“IRS Data Reveal Which Congressional Districts Pay the Highest Federal Income Taxes,” Gerald Prante, Tax Foundation

Criminal Justice
Live Free and Die
From the archives:

"When They Get Out" (June 1999)
How prisons, established to fight crime, produce crime. By Sasha Abramsky

Leaving prison can be hazardous to your health, while staying behind bars can actually increase your life expectancy, according to two studies on mortality and incarceration. Of 30,237 inmates released from prison in Washington State between 1999 and 2003, 443 died within two years of their release—a death rate 3.5 times that of other state residents. In the first two weeks after release, the death rate for former prisoners was 12.7 times the state death rate, with drug overdose the most common cause of death. Meanwhile, the mortality rate inside all state prisons is 19 percent lower than in the U.S. adult population as a whole. For men under 45, in particular, prison is safer than the streets; for convicts over 55, however, prison death rates were 56 percent higher than on the outside.

“Release From Prison—A High Risk of Death for Former Inmates,” Ingrid A. Binswanger et al., New England Journal of Medicine; “Medical Causes of Death in State Prisons, 2001–2004,” Bureau of Justice Statistics

The Health of Nations

A worldwide outbreak of bird flu that followed the pattern of the 1918–1920 influenza pandemic would kill between 51 million and 81 million people, according to a new study—but if history repeated itself, very few of the dead would be Americans or residents of other wealthy nations. The authors compared death rates across 27 countries during the period 1915–1923 and found that the rates varied wildly from place to place, even within a single country: In British India, for instance, the mortality rate ranged from 2.1 percent in Burma to 7.8 percent in the province of Berar. The best explanation for this variation turned out to be per capita income alone; for every 10 percent increase in income, the death rate declined by roughly 10 percent. Given present income variations, a flu pandemic that followed a similar pattern would claim just 4 percent of its victims in the developed world—here defined as members of the Organization for Economic Co-operation and Development.

“Estimation of Potential Global Pandemic Influenza Mortality on the Basis of Vital Registry Data From the 1918–20 Pandemic: A Quantitative Analysis,” C. Murray et al., The Lancet

Generation Left?

If the Republican Party goes into political eclipse over the next 25 years, readers of a Pew Research Center survey on the attitudes of “Generation Next” (Americans between the ages of 18 and 25) will be able to say they saw it coming. The percentage of young people identifying with the Republicans has been in steady decline since the early 1990s, when 18-to-25-year-olds were actually more Republican than other age cohorts. While Generation X, whose members came of age during the Reagan era, is the most GOP-friendly generation in recent American history, Generation Next is the least Republican generation, with just 35 percent of its members leaning to the GOP compared with 48 percent who lean Democratic. Disillusionment with the Bush administration may explain some of this decline, as may growing social liberalism: Today’s 18-to-25-year-olds are far more laissez-faire than older Americans on issues ranging from gay marriage and adoption to immigration and less likely to have a defined religious affiliation than young people 20 years ago.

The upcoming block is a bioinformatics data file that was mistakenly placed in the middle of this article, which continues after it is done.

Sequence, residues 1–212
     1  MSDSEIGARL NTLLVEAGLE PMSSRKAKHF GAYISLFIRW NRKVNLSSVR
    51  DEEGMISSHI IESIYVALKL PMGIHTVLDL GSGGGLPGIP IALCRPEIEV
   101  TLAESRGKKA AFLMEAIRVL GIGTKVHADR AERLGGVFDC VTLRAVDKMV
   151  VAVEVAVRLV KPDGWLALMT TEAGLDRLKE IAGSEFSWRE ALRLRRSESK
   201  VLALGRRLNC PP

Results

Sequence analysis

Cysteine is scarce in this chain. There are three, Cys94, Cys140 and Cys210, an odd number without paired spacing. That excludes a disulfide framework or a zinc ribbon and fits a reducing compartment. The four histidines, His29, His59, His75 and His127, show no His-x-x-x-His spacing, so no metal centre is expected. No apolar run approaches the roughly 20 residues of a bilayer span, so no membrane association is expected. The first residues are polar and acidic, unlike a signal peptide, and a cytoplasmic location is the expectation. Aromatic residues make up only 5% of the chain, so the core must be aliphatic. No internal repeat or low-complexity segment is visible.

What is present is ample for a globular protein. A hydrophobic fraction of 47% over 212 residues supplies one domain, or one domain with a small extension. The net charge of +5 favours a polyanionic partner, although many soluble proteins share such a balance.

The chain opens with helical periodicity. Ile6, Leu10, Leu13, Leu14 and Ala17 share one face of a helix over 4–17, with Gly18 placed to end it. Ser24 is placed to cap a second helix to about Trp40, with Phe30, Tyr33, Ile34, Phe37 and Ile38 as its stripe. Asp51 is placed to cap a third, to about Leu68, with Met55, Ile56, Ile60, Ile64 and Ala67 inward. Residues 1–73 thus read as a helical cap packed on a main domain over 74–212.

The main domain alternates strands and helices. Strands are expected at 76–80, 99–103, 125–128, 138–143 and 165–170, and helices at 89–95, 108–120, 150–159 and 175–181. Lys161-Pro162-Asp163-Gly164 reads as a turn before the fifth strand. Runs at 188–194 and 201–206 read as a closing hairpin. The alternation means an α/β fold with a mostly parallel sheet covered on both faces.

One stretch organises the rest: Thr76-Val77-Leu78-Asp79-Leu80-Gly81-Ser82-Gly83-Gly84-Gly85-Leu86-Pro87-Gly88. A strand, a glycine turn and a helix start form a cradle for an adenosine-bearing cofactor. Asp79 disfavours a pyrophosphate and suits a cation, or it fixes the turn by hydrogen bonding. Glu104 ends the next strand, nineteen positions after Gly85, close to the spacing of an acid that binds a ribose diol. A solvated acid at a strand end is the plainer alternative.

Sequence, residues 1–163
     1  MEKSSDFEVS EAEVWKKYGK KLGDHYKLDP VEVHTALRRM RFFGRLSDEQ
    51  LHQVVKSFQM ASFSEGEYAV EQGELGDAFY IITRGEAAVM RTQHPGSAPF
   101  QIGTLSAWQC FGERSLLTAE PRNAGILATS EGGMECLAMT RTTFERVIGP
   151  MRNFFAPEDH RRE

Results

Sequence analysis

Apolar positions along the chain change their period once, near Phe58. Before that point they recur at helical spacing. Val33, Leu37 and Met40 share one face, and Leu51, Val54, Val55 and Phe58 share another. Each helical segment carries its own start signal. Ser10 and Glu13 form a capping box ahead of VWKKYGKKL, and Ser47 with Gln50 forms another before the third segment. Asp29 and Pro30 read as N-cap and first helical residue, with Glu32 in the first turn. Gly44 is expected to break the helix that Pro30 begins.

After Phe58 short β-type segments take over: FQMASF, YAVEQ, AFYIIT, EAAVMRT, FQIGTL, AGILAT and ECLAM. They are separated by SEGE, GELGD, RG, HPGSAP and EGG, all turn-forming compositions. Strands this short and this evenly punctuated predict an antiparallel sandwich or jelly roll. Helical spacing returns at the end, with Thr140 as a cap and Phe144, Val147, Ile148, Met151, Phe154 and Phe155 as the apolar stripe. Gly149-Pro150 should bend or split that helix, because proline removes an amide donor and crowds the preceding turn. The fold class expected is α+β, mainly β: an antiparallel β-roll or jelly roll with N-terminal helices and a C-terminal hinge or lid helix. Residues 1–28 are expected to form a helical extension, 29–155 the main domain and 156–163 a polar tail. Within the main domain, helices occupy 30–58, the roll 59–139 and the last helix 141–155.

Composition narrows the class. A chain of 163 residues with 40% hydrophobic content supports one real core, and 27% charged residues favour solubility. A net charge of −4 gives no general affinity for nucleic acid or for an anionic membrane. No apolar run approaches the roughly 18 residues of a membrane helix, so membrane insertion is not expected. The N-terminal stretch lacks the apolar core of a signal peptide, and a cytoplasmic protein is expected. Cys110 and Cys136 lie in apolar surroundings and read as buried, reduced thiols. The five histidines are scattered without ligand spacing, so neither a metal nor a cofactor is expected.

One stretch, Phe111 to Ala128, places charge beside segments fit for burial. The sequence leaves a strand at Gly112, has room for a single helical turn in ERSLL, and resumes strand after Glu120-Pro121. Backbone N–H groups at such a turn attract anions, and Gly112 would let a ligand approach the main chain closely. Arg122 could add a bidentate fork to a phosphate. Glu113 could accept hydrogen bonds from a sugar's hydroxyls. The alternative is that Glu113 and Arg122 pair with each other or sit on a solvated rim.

“A Portrait of ‘Generation Next,’” Pew Research Center

Foreign Affairs
Running Dry
Crude Awakening: Are Iranian oil exports doomed?

Iran’s claim that it needs nuclear technology for power plants has always sounded fishy, not least because of the country’s vast oil reserves. But a new analysis asks whether Iranian oil might run short sooner than we think. Estimates of Iranian oil exports project a decrease in coming years, and predicted growth in domestic demand for oil, coupled with the rate at which Iran is depleting its reserves, will necessitate an expansion of oil production. That will be difficult, however, since Iran’s refineries are outdated and the government doesn’t have the money to build new ones. The government subsidizes gasoline so heavily (Iranians pay only $0.34 a gallon) that the state could not hope to profit from costly renovation of its refineries, and its own officials claim it will be cheaper just to import gasoline and leave Iranian oil undisturbed under the earth. Unless Iran’s oil sector becomes dramatically more efficient and the government warms to the possibility of exploration and extraction by foreigners, Iran could stop exporting oil as early as 2014—which means that when Iran claims to need nuclear know-how for its own power requirements, it just might be telling the truth.

“The Iranian Petroleum Crisis and United States National Security,” Roger Stern, Proceedings of the National Academy of Sciences

Guilty Pleasures
Might As Well eat that sundae. You'll regret it, but not for very long.